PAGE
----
Imagine an open hand approaching your face at moderate speed: you might think this will not hurt me in anyway and won't move. Then a finger starts to target your eye, or the hand graps your throat. Now you reconsider and recoil. This also is atemi.
The threat must be real (in the eye of the receiver, ai-te), but need not to be realised when ai-te accepts the situation and allows you to continue. You work together.

I may be misunderstanding you but I disagree: The only way the threat can be real in the eye of the receiver is if it IS real.

In your example, what happens if the ai-te does not react to your moderately approaching hand? Or reacts by punching you because he does not perceive your hand as a threat that is necessary to block or counter?

At my present level of understanding, Aikido IS atemi. Aikido is also what happens (technique) when the uke reacts to the atemi.

Uke and nage may work together, but it is from diametrically opposite points of view: Nage chooses to control rather than strike or harm; uke chooses to take ukemi rather than risk injury.

Tim Ruijs
08-24-2005, 02:41 AM
Hi Tim:
sounds like we're talking about the same thing.

Matt
That be good then ;) In this discussion I got the feeling people wish to (or perhaps even do) make their punches more effective. To me that sounds like competition of some sort: get faster, get stronger, do more damage...

On the other hand, I do feel that an Aikidoka should at least know the basics about punching. And must admit this often does not get much attention (NOTE: by no means wish to generalise all styles!).
Allthough Aikido practice is stylized to say the least, it serves a purpose. It allows you to safely train shi-sei (attitude), ma-ai (timing/distance) and kino nagare (fluent movement).

When you take this stylized training to the next level (e.g. ai-te throws multiple punches) you immediately adopt your behavior which will typically result in randori.

Tim Ruijs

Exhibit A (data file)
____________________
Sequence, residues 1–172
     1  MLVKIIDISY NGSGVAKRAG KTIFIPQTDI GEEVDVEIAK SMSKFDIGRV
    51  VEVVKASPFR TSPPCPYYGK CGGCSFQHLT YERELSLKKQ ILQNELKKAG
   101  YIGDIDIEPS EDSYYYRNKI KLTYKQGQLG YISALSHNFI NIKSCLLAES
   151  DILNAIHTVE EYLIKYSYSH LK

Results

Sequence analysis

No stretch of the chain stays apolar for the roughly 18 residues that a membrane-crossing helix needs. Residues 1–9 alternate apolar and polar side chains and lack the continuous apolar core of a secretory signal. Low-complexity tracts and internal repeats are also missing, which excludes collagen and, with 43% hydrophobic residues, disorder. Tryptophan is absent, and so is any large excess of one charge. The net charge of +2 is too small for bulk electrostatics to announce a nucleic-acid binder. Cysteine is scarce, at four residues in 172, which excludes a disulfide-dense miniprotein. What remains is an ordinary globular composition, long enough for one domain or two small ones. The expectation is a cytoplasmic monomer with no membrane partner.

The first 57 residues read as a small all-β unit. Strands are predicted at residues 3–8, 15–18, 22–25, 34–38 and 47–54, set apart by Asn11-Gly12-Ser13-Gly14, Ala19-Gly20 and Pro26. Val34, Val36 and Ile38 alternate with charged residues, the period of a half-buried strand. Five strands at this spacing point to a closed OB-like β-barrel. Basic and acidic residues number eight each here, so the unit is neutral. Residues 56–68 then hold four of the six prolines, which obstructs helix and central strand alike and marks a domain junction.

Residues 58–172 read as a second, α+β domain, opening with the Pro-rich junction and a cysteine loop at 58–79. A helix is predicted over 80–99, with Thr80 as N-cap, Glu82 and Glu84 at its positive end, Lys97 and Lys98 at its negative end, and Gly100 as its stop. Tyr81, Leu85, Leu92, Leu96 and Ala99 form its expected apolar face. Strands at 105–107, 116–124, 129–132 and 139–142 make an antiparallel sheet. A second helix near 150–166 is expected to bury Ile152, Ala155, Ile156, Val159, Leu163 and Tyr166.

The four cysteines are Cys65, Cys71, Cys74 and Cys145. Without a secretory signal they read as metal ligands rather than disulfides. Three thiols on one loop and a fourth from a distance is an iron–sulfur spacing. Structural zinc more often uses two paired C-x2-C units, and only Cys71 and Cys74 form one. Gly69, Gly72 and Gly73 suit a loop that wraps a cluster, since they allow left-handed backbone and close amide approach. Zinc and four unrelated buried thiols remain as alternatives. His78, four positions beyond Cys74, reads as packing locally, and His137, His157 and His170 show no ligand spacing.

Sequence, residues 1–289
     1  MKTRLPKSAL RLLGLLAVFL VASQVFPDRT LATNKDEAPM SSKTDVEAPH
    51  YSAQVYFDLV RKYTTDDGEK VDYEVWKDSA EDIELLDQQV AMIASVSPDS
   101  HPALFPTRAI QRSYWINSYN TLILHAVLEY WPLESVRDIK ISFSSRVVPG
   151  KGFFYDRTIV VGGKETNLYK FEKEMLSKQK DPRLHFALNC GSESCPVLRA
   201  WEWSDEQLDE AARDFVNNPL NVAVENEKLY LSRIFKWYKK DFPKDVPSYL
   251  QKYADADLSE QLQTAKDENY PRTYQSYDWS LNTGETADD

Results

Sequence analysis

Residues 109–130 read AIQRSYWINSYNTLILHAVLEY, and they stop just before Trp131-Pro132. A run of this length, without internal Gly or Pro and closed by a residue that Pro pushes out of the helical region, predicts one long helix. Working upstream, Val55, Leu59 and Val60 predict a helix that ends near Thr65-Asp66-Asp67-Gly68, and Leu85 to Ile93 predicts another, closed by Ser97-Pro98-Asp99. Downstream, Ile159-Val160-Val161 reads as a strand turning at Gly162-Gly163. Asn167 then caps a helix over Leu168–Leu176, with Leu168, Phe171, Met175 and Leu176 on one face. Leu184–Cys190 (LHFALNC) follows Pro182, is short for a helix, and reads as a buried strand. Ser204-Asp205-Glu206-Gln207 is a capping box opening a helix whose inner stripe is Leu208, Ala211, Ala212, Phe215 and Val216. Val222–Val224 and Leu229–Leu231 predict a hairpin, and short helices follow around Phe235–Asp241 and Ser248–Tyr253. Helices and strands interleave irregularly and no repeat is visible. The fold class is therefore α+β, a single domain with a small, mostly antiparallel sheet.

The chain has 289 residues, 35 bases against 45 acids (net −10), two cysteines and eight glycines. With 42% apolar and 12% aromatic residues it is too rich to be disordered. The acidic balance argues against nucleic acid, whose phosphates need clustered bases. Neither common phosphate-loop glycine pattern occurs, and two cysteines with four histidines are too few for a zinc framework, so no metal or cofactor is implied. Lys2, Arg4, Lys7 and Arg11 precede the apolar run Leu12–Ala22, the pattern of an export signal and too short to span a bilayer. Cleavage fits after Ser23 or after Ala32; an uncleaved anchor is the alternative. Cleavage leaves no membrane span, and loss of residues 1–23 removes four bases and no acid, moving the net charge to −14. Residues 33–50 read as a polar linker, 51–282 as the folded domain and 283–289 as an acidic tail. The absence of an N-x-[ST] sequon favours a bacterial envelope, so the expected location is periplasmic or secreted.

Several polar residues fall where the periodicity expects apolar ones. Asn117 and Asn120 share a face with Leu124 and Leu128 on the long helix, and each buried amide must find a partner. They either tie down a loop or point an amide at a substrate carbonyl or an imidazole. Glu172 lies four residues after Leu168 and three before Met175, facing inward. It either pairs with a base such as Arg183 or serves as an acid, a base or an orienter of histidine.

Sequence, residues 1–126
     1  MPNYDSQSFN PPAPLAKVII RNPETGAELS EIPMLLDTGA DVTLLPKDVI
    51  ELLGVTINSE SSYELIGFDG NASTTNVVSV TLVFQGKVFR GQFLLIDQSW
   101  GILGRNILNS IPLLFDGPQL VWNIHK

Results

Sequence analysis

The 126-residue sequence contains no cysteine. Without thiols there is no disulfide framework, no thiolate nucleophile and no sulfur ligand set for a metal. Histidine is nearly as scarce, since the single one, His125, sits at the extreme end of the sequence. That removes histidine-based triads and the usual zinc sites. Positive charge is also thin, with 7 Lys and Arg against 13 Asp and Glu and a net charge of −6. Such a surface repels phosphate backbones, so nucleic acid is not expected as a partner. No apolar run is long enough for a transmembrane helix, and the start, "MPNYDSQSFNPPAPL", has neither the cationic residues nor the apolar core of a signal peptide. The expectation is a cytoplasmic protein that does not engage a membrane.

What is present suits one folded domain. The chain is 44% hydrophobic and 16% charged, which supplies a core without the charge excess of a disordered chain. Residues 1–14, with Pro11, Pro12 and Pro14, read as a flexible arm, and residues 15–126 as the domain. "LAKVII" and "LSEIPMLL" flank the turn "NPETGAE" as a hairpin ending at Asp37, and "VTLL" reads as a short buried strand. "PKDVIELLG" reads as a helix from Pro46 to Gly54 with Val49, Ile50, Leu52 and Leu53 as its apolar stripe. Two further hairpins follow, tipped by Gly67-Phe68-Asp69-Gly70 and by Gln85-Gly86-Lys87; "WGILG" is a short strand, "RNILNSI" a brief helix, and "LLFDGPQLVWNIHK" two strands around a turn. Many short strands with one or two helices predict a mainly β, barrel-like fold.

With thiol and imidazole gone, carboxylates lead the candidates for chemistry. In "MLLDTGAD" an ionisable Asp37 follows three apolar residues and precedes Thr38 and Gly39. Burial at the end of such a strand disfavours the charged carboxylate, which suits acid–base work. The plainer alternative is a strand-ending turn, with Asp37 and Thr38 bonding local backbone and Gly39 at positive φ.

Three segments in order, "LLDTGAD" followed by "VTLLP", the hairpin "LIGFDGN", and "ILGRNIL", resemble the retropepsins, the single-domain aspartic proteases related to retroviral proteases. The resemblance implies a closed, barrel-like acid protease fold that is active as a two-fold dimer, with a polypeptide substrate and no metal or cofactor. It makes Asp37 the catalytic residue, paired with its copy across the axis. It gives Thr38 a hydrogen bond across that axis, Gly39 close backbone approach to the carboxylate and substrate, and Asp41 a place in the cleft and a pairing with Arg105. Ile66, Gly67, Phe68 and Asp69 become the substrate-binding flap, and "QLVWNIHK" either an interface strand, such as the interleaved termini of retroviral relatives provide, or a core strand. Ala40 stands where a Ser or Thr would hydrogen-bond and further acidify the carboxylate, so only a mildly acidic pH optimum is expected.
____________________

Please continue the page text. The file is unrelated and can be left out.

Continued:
08-24-2005, 03:55 AM
I may be misunderstanding you but I disagree: The only way the threat can be real in the eye of the receiver is if it IS real.

This would be shi-sei: attitude. It also (strongly) depends on whom you train with: is this person experienced or not? I hate to think what would happen to a beginner when confronted with a full-force attack. This would not be proper Aikido, IMHO.


In your example, what happens if the ai-te does not react to your moderately approaching hand? Or reacts by punching you because he does not perceive your hand as a threat that is necessary to block or counter?

Then ai-te becomes uke and should be taught why he should respond. Perhaps the danger is not clear. It happens quite often that my hand is in somebody's face and they still do not react (assume you will not hurt them as this is not done in Aikido). Until you intend to poke their eyes. This behaviour is a side-effect of the stylized way of training and you should always keep this in mind.


At my present level of understanding, Aikido IS atemi. Aikido is also what happens (technique) when the uke reacts to the atemi.

Uke and nage may work together, but it is from diametrically opposite points of view: Nage chooses to control rather than strike or harm; uke chooses to take ukemi rather than risk injury.
It is this last line that I tried to explain above. Once ai-te is aware of the danger he chooses safety. This is an important aspect of your Aikido training, at least I think so.

Lyle Bogin
08-24-2005, 08:43 AM
A real attack is different than a full-force attack I think.

pezalinski
08-26-2005, 12:44 PM
"real vs. full-force...." I take it you mean,

a "real" committed attack where uke has a clear intent to cause you bodily harm if possible, or at least demonstrate how/where/when it could happen, continuously throughout varying circumstances

as opposed/contrasted to

a "full force" attack, telegraphed (if at all possible), where uke has committed him/herself to a single attack implemented at full-power and speed, irregardless of the cost to self or varying circumstances.

beginners use the second one, because it's usually all they understand; experienced aikidoka should (in my experience) be performing the first one -- even if it may LOOK like the second one, to observers. :p